A **homogeneous function **has variables that increase by the same proportion. In other words, if you multiple all the variables by a factor λ (greater than zero), then the function’s value is multiplied by some power λ^{n} of that factor. The power is called the *degree*.

A couple of quick examples:

**First degree homogeneous function**: you multiply all variables by 2 and the function output is multiplied by 2.**Second degree homogeneous function**: you multiply all variables by 2 and the function output is multiplied by 2^{2}.

## Formal Definition

Formally, a function *f* is homogeneous of degree r if (Pemberton & Rau, 2001):

*f* (λ*x*_{1}, …, λ*x*_{n}) = λ^{r} *f* (*x*_{1}, …, *x*_{n})

In other words, a function *f* (*x*, *y*) is homogeneous if you multiply each variable by a constant (λ) → *f* (λ*x*, λ*y*)), which rearranges to λ^{n} f (x, y). The exponent n is called the degree of the homogeneous function.

## How Do I Know if I Have a Homogeneous Function?

While it isn’t technically difficult to show that a function is homogeneous, it does require some algebra.

All linear functions are homogeneous of degree 1. For example, take the function f(x, y) = x + 2y.

Step 1: Multiply each variable by λ: f( λx, λy) = λx + 2 λy.

Step 2: Simplify using algebra.

- Factor out λ: f( λx, λy) = λ (x + 2y).
- Substitute function notation back in (because f(x, y) = x + 2y): λ f(x, y)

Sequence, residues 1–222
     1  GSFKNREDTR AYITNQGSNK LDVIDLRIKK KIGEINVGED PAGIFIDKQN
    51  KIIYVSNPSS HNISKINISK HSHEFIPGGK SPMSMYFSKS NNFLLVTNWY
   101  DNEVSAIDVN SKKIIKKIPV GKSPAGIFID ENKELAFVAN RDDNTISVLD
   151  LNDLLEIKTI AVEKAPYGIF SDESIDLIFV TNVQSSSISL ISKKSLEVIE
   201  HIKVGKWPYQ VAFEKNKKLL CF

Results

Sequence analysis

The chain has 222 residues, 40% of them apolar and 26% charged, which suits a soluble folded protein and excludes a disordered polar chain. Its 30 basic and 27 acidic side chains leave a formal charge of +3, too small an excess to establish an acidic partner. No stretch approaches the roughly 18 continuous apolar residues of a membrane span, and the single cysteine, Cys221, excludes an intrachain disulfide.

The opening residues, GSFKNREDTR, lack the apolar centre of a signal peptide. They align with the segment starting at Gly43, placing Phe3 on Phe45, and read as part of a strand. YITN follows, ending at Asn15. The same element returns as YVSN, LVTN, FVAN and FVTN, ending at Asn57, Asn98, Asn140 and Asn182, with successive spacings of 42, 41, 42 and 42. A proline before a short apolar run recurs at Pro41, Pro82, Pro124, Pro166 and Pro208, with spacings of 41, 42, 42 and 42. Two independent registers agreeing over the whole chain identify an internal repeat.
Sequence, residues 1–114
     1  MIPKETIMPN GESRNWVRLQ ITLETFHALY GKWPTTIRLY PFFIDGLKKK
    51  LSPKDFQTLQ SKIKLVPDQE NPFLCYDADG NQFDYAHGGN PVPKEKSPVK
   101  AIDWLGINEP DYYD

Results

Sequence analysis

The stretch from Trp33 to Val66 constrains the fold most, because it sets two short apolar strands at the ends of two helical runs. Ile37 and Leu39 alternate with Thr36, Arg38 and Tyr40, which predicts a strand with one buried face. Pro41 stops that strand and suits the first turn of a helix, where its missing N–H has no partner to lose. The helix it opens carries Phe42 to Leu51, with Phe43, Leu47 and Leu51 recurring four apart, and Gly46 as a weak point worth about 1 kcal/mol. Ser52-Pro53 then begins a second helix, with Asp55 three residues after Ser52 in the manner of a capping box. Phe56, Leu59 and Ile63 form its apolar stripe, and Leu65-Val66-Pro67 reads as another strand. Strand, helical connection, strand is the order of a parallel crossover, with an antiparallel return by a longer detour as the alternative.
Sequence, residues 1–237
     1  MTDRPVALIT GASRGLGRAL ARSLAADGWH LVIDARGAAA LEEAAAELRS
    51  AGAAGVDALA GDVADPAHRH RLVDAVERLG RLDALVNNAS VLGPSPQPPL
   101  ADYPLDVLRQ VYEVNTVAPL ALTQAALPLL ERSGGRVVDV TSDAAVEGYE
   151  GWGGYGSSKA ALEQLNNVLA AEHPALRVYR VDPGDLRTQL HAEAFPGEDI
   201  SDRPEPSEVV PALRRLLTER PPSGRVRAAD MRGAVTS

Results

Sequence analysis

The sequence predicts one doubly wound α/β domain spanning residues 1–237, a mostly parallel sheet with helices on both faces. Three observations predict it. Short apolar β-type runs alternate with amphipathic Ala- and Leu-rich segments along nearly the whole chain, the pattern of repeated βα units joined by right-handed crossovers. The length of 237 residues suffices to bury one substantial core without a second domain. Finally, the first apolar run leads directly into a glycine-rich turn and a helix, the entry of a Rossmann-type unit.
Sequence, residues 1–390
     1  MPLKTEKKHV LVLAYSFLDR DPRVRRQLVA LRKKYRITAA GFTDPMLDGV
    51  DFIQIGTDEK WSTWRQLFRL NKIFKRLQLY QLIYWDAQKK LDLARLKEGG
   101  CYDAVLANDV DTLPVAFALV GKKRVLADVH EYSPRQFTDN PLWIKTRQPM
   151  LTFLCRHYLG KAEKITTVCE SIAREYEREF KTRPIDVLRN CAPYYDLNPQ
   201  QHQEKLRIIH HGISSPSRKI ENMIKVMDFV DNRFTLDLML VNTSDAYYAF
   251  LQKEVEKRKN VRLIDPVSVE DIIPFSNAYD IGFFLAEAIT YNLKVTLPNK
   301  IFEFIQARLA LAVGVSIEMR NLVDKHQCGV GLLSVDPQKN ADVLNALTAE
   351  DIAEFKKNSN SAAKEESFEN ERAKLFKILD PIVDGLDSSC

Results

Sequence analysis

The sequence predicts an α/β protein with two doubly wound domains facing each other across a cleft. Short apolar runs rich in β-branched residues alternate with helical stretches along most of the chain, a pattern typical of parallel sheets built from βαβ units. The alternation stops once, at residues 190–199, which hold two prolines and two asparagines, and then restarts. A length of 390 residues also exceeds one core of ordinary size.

The idea is, if you multiply each variable by λ, and you can arrange the function so that it has the basic form λ f(x, y), then you have a homogeneous function.

The algebra is also relatively simple for a quadratic function. For example, let’s say your function takes the form

*f *(*x*, *y*) = *ax*^{2} + *bxy* + *cy*^{2}

Where a, b, and c are constants.

Step 1: Multiply each variable by λ:

*f *(λ*x*, λ*y*) = *a(λx*)^{2} + *b(λx)(λy)* + *c(λy*)^{2}

Step 2: Simplify, using algebra:

- Pull the constant λ in front:

*a(λx*)^{2}+*b(λx)(λy)*+*c(λy*)^{2}=*ax*^{2}+*bxy*+*cy*^{2} - Substitute the function in (because
*f*(*x*,*y*) =*ax*^{2}+*bxy*+*cy*^{2}):

λ^{2}*f*(*x*,*y*)

Other examples of homogeneous functions include the Weierstrass elliptic function and triangle center functions.

Watch this short video for more examples.

## References

Pemberton, M. & Rau, N. (2001). Mathematics for Economists. An Introductory Textbook. Manchester University Press.